SAN FRANCISCO (CN) - In a federal indictment, prosecutors accuse real estate investor Luke Brugnara of mail fraud: ordering and receiving more than $11 million worth of art and then claiming it was a gift.
Brugnara, 50, of San Francisco, allegedly told an art dealer - who is not named in the indictment - that he wanted to buy several works of art for approximately $11 million. He claimed that he wanted to place the art in a museum he was building, according to the indictment.
Brugnara agreed to pay $7.32 million for 16 paintings by Willem de Kooning, $3 million for an Edgar Degas sculpture, $450,000 for a painting by American realist artist George Luks, $160,000 for a drawing by Joan Miro and $145,000 for etching by Pablo Picasso, according to an affidavit by FBI Special Agent Jeremy Desor, included in the criminal complaint
But Brugnara had almost no income, no assets, no way of paying for the art, and a substantially negative net worth, the indictment states.
The art was packed into five crates and shipped from New York to an address provided by Brugnara in San Francisco. The art dealer traveled to San Francisco to ensure that the art arrived, which seemed to surprise Brugnara, according to the affidavit.
Brugnara had the delivery people leave the crates in his garage. He told the dealer that he was very busy and would arrange a later time to open the crates and inspect the artwork. The dealer's attempts over the next two days to set up a time to inspect the art were to no avail, as Brugnara repeatedly stated he was too busy, according to the affidavit.
Brugnara later told the dealer that she would have to deal with his attorney. He claimed the art works were a gift, the affidavit states.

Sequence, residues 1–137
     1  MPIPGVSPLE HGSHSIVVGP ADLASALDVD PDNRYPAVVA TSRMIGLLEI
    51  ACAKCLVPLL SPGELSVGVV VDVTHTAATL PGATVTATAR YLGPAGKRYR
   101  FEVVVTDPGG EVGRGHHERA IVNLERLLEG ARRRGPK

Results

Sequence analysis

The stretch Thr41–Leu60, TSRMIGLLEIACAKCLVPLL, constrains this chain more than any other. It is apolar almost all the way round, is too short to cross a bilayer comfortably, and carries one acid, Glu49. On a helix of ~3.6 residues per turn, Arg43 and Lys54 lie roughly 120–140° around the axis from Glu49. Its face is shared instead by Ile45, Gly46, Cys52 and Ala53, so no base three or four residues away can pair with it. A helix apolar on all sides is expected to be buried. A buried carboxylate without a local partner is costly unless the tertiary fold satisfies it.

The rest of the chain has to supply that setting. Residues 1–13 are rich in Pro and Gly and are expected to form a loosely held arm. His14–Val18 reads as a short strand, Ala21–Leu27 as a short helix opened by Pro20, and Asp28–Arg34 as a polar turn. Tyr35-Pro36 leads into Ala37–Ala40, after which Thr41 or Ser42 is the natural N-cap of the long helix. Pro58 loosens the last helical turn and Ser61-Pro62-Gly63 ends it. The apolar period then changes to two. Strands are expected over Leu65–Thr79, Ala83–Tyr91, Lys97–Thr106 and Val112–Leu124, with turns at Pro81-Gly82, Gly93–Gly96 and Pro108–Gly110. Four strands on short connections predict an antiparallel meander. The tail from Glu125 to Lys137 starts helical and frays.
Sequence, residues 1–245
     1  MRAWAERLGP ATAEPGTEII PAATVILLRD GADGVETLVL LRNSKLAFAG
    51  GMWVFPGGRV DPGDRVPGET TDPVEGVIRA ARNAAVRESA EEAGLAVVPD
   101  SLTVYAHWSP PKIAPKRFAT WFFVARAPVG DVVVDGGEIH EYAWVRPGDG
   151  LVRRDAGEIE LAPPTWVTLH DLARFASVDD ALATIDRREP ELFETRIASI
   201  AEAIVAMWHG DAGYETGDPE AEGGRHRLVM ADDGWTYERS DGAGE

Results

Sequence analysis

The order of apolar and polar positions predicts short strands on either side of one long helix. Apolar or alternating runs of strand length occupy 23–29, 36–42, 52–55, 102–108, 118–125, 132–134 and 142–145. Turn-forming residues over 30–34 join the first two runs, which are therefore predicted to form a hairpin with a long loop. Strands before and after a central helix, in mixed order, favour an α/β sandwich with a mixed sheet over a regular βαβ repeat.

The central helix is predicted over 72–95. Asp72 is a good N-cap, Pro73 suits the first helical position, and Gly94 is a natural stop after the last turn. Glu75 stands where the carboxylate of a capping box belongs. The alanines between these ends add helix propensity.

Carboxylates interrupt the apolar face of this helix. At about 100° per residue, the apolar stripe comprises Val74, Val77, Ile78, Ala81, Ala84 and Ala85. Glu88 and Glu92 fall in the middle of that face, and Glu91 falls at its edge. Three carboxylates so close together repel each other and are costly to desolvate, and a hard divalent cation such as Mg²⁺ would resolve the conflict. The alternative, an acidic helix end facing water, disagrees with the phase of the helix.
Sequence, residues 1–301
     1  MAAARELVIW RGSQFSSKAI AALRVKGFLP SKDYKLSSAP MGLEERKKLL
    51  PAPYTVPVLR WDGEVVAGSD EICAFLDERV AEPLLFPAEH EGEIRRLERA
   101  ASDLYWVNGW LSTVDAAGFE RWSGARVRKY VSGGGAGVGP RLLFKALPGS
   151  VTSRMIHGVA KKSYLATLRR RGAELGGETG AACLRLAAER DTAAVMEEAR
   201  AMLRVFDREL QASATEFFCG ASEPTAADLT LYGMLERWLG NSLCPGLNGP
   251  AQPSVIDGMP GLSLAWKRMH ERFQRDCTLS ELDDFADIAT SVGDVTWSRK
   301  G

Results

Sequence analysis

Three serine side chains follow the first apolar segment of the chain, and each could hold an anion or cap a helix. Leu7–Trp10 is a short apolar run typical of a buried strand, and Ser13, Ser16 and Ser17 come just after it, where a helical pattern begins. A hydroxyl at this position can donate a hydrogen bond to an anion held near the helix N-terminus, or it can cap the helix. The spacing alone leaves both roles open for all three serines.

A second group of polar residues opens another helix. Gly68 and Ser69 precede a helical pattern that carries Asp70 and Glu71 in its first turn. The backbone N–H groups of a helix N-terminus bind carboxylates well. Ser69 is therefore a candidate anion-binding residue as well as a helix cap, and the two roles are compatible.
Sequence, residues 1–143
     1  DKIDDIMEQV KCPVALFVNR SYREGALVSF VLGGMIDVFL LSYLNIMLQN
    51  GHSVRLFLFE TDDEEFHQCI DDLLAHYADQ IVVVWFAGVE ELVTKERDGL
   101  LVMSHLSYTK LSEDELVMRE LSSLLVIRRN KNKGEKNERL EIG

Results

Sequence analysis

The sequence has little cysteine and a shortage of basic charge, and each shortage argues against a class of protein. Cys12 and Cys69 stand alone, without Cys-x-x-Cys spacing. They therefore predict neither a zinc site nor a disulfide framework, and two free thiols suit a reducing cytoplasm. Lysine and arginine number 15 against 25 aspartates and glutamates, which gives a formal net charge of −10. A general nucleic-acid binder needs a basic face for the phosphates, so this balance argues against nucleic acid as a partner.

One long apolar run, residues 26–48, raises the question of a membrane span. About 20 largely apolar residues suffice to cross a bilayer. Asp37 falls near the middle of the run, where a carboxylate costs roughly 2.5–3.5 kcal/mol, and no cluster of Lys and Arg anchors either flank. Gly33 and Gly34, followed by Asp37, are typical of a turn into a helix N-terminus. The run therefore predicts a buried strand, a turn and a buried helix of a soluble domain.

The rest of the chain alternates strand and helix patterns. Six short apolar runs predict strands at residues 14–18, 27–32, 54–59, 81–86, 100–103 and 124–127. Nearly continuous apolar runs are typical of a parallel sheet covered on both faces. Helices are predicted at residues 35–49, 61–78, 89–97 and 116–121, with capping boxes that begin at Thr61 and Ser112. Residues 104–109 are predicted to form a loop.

"Law enforcement authorities obtained a search warrant for Brugnara's home and seized four of the five crates of art that had been shipped to Brugnara. The fifth crate, which contained a work of art worth at least hundreds of thousands of dollars, remains missing," the Department of Justice said in a statement.
Brugnara, who is in custody, was arrested on May 28 in San Francisco and made his initial appearance in Federal Court that morning. He was to appear in court today (Wednesday) for arraignment, preliminary examination and bond hearing.
This is not the first time Brugnara has been in trouble with the law. In 2010, he was convicted of several federal crimes, including filing false tax returns, making false statements, and violating the Endangered Species Act, resulting in a 30-month prison sentence, according to the Department of Justice.
"Brugnara was still on supervised release from some of those convictions when he allegedly committed the fraud offense for which he was indicted" on June 5, the Justice Department said.
The maximum penalty for mail fraud is 20 years in prison, a fine of $250,000, forfeiture and restitution.
According to a 2002 SF Weekly article, Brugnara was a self-made commercial real estate mogul who by his mid-30s had acquired a fortune he estimated at $200 million.
The article called Brugnara "San Francisco's most bombastic and, perhaps, pugnacious commercial landlord."